Opera Atelier has brought back its 2007 production of Monteverdi’s The Return of Ulysses and applause is due to its co-artistic directors Marshall Pynkoski and Jeannette Lajeunesse-Zingg. The production is mostly well-sung, colourful, finely directed, and gorgeously danced as well as judiciously edited to keep the running time under three hours.
Librettist Giacomo Badoaro relied on a fairly conventional retelling of the second half of Homer’s Odyssey where the Greek hero Ulysses (Odysseus, to the purists), after many adventures, returns to Ithaca. He finds his kingdom in disarray with his wife being pursued by the local nobility who are eating him out of house and home, as they say.
Kevin Skelton (Jupiter) and Meghan Lindsay (Minerva).Photo: Bruce Zinger
We can assume that he will eventually get rid of the men who lust after his wife, reestablish his authority and find connubial bliss after a twenty year absence but with Neptune (bass-baritone Stephen Hegedus) and so much else against him, he has his work cut out.
Prologue, please. With the stars shimmering in the firmament in the background, we see the personification of Human Frailty (tenor Isaiah Bell), Time (impressive bass-baritone Douglas Williams who also plays the aggressive Antinoo, an early version of Trump), Fortune (soprano Carla Huhtanen who also does fine work as the treacherous servant Melanto), and Love (soprano Meghan Lindsay who is even better as Minerva). The latter three deride Human Frailty and claim that they control the fate of people who are weak in any event. Pynkoski directs the scene intelligently by having the taunters be quite active rather than singing with their feet screwed to the stage floor. A good start.
The opera proper begins on a high note with Penelope’s (splendidly sung by mezzo-soprano Mireille Lebel) passionate recitative lamenting her husband’s long absence. The statuesque Lebel gives us an outpouring of emotions and display of strength that entitle her to be called The Temple of Chastity.
The scene moves from the palace with its grand columns to the sea where we see the wild waves painted in the background. From there (to do justice to the sets) we move to the countryside where we find the faithful shepherd Eumete (tenor Aaron Sheehan who sings well and don’t tell me he looks too young for the role this is a myth, not CNN). The goddess Minerva descends from the sky in grand style as does Kevin Skelton as Jupiter. The sets by Gerard Gauci are colourful and appealing and are strictly seventeenth century impressions of Ithaca, the gods and the sea with no attempt, quite rightly, to strive for representations of mythical Greece. Marvelous work by Gauci.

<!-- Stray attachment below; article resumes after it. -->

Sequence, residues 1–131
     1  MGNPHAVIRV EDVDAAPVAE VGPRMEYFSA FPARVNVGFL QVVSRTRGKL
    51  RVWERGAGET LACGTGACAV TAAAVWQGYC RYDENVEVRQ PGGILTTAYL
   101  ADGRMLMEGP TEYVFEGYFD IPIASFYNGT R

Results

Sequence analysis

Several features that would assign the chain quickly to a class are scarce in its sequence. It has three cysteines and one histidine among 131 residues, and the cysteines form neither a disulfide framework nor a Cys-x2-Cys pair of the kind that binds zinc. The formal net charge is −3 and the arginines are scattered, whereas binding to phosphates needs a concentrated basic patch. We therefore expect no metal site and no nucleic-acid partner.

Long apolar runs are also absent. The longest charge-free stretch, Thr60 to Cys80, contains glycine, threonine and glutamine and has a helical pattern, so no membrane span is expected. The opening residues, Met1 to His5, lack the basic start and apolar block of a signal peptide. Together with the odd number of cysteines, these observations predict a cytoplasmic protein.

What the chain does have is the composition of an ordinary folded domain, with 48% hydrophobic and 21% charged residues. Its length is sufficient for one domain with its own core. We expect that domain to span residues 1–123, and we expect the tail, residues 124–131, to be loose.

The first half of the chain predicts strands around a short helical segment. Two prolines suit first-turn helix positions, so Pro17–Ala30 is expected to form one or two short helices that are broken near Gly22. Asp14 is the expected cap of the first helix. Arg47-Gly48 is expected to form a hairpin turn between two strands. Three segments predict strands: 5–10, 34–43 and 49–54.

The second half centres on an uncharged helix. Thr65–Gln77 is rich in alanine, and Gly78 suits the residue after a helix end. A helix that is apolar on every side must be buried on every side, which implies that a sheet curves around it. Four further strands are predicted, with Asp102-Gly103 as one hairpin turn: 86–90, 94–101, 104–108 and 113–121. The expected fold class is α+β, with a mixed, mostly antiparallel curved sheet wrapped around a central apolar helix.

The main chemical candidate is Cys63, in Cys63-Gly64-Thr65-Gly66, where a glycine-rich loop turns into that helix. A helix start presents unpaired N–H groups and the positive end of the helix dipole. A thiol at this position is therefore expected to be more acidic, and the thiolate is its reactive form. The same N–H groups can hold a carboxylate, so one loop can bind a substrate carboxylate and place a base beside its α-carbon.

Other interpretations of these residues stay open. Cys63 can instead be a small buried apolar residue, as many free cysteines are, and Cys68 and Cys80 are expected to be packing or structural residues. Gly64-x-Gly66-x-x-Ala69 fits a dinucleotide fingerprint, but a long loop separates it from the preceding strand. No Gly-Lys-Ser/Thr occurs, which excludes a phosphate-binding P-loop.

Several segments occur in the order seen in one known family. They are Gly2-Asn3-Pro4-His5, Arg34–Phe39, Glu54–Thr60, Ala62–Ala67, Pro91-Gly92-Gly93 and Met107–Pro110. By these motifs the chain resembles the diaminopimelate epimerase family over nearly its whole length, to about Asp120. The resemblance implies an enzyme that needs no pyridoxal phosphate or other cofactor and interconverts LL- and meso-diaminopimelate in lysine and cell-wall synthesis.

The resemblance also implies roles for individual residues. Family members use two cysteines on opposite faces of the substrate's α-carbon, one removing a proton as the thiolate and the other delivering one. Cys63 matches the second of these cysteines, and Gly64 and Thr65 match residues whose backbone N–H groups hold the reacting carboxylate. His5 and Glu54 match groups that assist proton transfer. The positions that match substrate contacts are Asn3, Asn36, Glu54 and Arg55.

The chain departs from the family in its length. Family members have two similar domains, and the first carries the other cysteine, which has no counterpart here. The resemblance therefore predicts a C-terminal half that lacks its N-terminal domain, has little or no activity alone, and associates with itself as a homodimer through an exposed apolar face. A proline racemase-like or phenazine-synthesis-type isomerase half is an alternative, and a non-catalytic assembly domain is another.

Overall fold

Pynkoski uses twelve singers for the twenty characters that appear in the opera and that is achieved by doubling the roles taken by many of the singers. Tenor Krešimir Špicer gives us a well-sung Ulysses. Pynkoski opts for a human and unheroic take of the opera and it serves us well. We appreciate Ulysses’ cunning and there are no heroics even in the stringing of his bow or his execution of the suitors. Lajeunesse-Zingg choreographs the scene so that it runs smoothly without any unnecessary heroics. Špicer’s Ulysses is a subtle and human hero and we are most happy about his return.
With a large cast, some unevenness in the singing is inevitable. Some could not project as well as we would have liked and other were not at their best. But they were the exception to an otherwise superb cast.
Lajeunesse-Zingg has as usual choreographed dance sequences for The Artists of the Atelier Ballet in which the dancers perform with grace, agility, lightness and sheer beauty.
Michelle Ramsay’s lighting design was uneven. She seems to like darkness and shadows but we want to see everything all the time. Penelope should not walk in and out of shadows.
The Tafelmusik Baroque Orchestra is conducted by David Fallis. The only score of the opera is unhelpful as to orchestration and Fallis has opted for a small orchestra. We may be attuned to larger ensembles but some authenticity is appreciated.
Final assessment: an exquisite production.